In these times of economic uncertainty, many people are actually looking at ways of either reducing their spending, increasing their income, or a bit of both.
The current economic climate means that people all around the world are feeling the pinch and trying to find better ways of managing and making do. Many people over the past couple of years have been subjected to a pay-freeze. This might protect your job in the long run and probably make good sense. However, the cost of living is still rising and a pay-freeze can actually seem like a pay cut!
One way of raising some money is to try to sell stuff that you no longer need. We all have plenty of items lying around the house that we no longer use. Electronic and digital gadgets, in particular, seem to accumulate in cupboards and drawers as we upgrade to a newer model with better features. Rather than leaving these gadgets and gizmos stashed away gathering dust, why not try to turn them into cash?
Selling on Ebay
One of the best places to get rid of these items is eBay. If you already have an account that you use for buying, it’s a really simple step to start selling as well. Even if you’re only making enough to cover your purchases, every little will help and reduce your outgoings — not to be sneezed at these days.
Before you start, it’s worth gathering together all the items you want to sell. Make sure that they’re clean and in working order and then take photos of everything you would like to get rid of.
Then, you just need to spend a bit of time listing all the stuff you’d like to sell. If you’re starting price for an item is $0.99, then you get to list it for free and just pay eBay a percentage if (and only if) you sell the item. However, be prepared to accept $0.99 for that item if only one person bids on it. If you have anything that you don’t think it’s worth parting with for $0.99, then it might be a good idea to wait until eBay hosts one of their regular free listing weekends. This happens about once every six weeks or so and it can be worth holding on to your gear and listing it on one of these weekends. You get to choose the starting price (the very least you would be willing to accept for your item), list it for free and only pay eBay their percentage if it sells. Do be careful though, if any of your stuff doesn’t sell within the specified time. You get the option to relist your unsold stuff, but this time you will have to pay the listing fees. If you really don’t want to do that, just leave all the stuff unsold and relist on the next free listing day.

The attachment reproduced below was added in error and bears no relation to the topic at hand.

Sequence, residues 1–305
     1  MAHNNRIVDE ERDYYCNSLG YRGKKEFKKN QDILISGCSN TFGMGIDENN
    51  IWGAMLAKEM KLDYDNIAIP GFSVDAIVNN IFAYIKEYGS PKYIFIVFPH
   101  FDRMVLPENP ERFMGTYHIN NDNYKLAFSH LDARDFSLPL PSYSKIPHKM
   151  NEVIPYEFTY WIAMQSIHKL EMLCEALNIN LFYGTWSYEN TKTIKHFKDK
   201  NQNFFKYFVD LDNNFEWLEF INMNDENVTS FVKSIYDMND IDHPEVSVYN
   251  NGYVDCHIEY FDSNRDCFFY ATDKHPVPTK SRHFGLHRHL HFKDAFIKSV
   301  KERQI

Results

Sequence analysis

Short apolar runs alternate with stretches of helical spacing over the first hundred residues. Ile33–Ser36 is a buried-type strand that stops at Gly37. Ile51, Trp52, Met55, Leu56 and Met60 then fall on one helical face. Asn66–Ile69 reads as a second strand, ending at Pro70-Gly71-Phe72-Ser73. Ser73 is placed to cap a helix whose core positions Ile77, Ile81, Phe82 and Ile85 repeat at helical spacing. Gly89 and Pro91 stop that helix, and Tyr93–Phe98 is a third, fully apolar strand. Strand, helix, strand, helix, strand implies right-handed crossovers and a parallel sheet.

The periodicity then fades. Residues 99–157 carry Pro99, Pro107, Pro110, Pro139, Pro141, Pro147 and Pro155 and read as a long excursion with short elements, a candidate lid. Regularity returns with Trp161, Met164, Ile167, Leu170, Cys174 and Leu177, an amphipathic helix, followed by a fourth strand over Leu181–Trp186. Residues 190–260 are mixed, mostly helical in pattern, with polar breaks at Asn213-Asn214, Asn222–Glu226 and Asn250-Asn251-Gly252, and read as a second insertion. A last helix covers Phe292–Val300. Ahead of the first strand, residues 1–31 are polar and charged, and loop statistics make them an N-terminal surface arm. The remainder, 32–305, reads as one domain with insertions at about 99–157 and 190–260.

Another tip when selling on eBay is to make sure that you know roughly how much it will cost you to post the item and set the postage rate accordingly. It’s no use selling something for a reasonable sum and then finding that you’re actually getting a bit less of a return than you would like because the parcel is heavier than you had anticipated and is costing quite a bit of money to post to the buyer!
If you haven’t sold on eBay before, there is an busy community section on the website where you can ask questions (or see if anybody else has asked that question and had it answered). The people here seem to offer quick responses to all types of questions and some of them have been successfully selling on eBay for several years. They are willing to take the time and trouble to help “newbies” to get started and are a great source of information on selling on eBay.
So, what are you waiting for? Go raid all your drawers and cupboards, check out the stuff you have stashed in the attic and start selling on eBay. You never know, you might enjoy it so much that you decide to make this a regular habit. Instead of discarded tech gear cluttering up your house, you could be selling it and using the proceeds to buy the latest gadgets.
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The writer Debbie frequently writes about finance topics such as starting a business, personal finance and currency exchange.
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